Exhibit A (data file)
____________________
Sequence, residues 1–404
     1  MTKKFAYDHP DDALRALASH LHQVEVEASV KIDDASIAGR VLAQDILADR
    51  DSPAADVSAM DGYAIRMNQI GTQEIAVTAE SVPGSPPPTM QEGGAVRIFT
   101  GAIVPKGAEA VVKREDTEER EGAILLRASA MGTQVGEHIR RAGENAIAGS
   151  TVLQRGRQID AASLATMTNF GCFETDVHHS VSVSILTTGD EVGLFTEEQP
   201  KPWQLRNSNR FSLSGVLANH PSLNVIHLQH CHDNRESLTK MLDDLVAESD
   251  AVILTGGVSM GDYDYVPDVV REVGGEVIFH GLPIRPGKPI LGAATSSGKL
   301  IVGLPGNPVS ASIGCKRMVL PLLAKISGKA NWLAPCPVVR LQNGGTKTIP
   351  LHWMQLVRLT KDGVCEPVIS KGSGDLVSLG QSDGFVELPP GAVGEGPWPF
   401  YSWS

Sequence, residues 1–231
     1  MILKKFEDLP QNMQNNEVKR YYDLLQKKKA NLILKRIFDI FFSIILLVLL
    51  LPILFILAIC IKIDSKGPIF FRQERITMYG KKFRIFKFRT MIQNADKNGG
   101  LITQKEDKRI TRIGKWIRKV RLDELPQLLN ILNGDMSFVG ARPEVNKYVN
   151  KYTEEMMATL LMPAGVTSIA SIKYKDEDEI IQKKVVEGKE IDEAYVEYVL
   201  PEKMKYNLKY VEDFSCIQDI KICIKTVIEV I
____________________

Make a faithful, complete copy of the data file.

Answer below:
Sequence, residues 1–404
     1  MTKKFAYDHP DDALRALASH LHQVEVEASV KIDDASIAGR VLAQDILADR
    51  DSPAADVSAM DGYAIRMNQI GTQEIAVTAE SVPGSPPPTM QEGGAVRIFT
   101  GAIVPKGAEA VVKREDTEER EGAILLRASA MGTQVGEHIR RAGENAIAGS
   151  TVLQRGRQID AASLATMTNF GCFETDVHHS VSVSILTTGD EVGLFTEEQP
   201  KPWQLRNSNR FSLSGVLANH PSLNVIHLQH CHDNRESLTK MLDDLVAESD
   251  AVILTGGVSM GDYDYVPDVV REVGGEVIFH GLPIRPGKPI LGAATSSGKL
   301  IVGLPGNPVS ASIGCKRMVL PLLAKISGKA NWLAPCPVVR LQNGGTKTIP
   351  LHWMQLVRLT KDGVCEPVIS KGSGDLVSLG QSDGFVELPP GAVGEGPWPF
   401  YSWS

Sequence, residues 1–231
     1  MILKKFEDLP QNMQNNEVKR YYDLLQKKKA NLILKRIFDI FFSIILLVLL
    51  LPILFILAIC IKIDSKGPIF FRQERITMYG KKFRIFKFRT MIQNADKNGG
   101  LITQKEDKRI TRIGKWIRKV RLDELPQLLN ILNGDMSFVG ARPEVNKYVN
   151  KYTEEMMATL LMPAGVTSIA SIKYKDEDEI IQKKVVEGKE IDEAYVEYVL
   201  PEKMKYNLKY VEDFSCIQDI KICIKTVIEV I